GNOME is the default desktop environment shipped with Fedora Workstation. GNOME Shell provides an awesome, minimal, default experience that is easy to pick up and use. However, GNOME Shell Extensions make it easy to add to and change the behavior of GNOME.
The extensions.gnome.org website is the canonical source for quality GNOME extensions, and previously, the easiest way to install was directly from the website. However, recent updates to the GNOME Software application now allow you to browse, search, install, and update extensions from extensions.gnome.org. This how to covers the basics of installing these extensions using GNOME Software.
Check the Software Sources
On a Fedora Workstation install, extensions.gnome.org should already be enabled by default as a software source. However, it pays to check that it is enabled before proceeding.
First open the Software Repositories dialog by in Software’s application menu:
Then scroll down, finding the extensions.gnome.org item, and checking it is enabled, and enabling it if needed.
With the correct software source enabled, extensions from extensions.gnome.org will start appearing in searches in the Software application. To browse just the extensions, click on the Add-Ons category on the main Software page:
The Shell Extension tab then lists all the available extensions:
Note that some of the extensions above are doubled-up. This is because these extensions are also available as RPMs in the official Fedora repositories.
Installing an Extension
Installing an extension is done in the same manner as any other item in the Software Application — simply press the install button and you will be right to go. Note too, that once an extension is installed, you are easily able to launch the extension settings from the details page. Additionally, note the Source item in the details. This shows you if the extension you are installing is from the official Fedora repos, or the extensions.gnome.org source.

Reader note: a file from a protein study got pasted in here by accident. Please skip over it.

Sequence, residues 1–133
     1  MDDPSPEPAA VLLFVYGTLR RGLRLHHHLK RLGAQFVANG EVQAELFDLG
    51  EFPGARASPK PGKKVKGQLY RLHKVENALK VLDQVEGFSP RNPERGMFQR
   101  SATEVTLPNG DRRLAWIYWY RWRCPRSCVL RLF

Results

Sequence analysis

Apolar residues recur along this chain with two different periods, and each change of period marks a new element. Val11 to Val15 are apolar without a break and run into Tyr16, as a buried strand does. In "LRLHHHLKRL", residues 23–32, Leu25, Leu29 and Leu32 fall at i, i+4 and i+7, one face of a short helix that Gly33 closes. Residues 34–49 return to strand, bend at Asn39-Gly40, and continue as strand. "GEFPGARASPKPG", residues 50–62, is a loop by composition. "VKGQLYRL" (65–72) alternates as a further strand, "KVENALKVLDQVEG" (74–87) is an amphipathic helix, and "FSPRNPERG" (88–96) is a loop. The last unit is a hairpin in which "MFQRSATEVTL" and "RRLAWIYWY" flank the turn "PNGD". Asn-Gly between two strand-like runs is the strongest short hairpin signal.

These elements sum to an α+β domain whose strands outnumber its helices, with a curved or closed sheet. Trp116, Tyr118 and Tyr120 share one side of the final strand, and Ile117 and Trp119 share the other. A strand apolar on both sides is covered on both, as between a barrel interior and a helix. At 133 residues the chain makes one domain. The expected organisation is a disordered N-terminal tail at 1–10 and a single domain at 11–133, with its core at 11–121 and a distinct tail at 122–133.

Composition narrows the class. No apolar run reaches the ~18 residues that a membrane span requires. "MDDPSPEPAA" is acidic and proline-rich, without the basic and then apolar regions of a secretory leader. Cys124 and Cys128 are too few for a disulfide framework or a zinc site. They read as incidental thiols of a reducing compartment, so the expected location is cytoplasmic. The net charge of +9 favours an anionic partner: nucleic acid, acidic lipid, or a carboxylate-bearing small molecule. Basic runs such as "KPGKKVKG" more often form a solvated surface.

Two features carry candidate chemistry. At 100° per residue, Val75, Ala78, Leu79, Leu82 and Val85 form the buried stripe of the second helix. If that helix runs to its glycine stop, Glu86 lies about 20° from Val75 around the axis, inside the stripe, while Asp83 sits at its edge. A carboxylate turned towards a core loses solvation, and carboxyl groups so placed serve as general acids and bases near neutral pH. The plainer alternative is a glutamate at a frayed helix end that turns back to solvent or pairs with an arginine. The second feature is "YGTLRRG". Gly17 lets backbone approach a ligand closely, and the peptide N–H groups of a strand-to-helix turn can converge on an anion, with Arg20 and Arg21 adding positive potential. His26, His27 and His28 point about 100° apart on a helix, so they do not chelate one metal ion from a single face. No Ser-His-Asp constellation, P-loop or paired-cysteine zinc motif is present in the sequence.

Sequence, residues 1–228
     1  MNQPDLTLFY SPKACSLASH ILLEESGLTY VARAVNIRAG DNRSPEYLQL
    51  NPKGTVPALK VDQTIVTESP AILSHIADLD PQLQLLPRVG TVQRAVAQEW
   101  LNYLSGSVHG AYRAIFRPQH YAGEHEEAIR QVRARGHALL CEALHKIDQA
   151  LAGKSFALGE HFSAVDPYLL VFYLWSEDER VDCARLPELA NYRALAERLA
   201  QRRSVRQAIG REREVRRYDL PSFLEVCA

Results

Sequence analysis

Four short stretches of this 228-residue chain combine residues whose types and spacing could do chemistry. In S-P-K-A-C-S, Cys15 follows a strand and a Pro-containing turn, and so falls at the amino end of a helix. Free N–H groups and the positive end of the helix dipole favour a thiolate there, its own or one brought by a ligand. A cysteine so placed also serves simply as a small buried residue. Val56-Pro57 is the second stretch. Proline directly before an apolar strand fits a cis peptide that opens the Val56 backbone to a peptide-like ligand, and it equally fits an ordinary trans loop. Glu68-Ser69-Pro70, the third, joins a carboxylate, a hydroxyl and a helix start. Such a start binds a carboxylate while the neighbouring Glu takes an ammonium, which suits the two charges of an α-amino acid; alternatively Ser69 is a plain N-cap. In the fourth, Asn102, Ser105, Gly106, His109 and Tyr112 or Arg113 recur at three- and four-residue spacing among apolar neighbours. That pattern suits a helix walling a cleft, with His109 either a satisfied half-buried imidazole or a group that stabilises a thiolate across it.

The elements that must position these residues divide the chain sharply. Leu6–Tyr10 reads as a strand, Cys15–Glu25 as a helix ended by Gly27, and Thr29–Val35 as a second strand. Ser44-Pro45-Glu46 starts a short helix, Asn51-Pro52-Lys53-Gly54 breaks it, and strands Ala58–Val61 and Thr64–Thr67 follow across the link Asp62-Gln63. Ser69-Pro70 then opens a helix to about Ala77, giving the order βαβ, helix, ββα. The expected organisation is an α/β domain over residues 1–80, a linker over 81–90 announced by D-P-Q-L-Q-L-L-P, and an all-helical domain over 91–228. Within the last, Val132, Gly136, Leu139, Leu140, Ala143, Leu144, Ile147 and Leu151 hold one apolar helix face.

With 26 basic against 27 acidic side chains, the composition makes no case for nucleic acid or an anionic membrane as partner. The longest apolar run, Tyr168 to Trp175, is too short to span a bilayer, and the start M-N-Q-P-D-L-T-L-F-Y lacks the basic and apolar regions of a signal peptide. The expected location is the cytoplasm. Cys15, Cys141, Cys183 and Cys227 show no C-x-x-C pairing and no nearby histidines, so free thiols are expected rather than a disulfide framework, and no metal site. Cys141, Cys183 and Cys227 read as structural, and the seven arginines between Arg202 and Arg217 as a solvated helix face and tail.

What always troubling me with GNOME 3 – was themes.
Black tone of G3 can be “depressing”. I’ve tried to modify theme from code, but it wasn’t best way. I’ve used themes dedicated for GNOME, but they was broken after upgrade to new version of G3.
Whole desktop is great, extensions are strong side of it. But theming GNOME is the worst part. I understand black is virtually “invisible” and is great for coding etc. But theming – stable theming – should be easier. Some users like dark tones, some not.
Yes, this post is very useful and so is the gnome extensions. I found it in applications/accessories/tweaks. I use it for application menu, no topleft hot corner, net speed, windows list and startup apps etc. A narrative on other tweaks is helpful as I am afraid to tinker with everything!
I wish there was an option that allowed you to hide extensions.gnome.org packages when they’re available from the Fedora repos.
Can extensions already by updated through GNOME Software?
The most annoying with Gnome Software, is that it performs auto-refresh each time you boot your system, downloading MB over MB. If later you chose to update the system with dnf, the same amount of MB is being re-downloaded. And on top of that there is no option to disable that auto-refresh. Even MS give you an option to disable auto-updates…
That’s the reason i uninstalled the app.
Gnome Software has auto-updates toggle under Software -> Update Preferences on Fedora 29.
very sad news: end of development for the magnificent “TaskBar” extension
see posting on https://extensions.gnome.org/extension/584/taskbar/
I have a copy of the git repository that I took just a while back. Can share it.
Put FooBar in the subject line as
foobar TaskBar So I know it is you
Using gnome-software-3.30.5-1.fc29.x86_64, fully updated, program goes into an endless loop when asked to list software repositories per your first step. No repositories get listed.
Good info, thank you. It was surprisingly difficult for me to find out how to start the Software application (because normally I use dnf at the command line), at the end the only way was to lauch activities and then type Software in the search box. I think Gnome should do like on OSX, a search box in the top right of the desktop..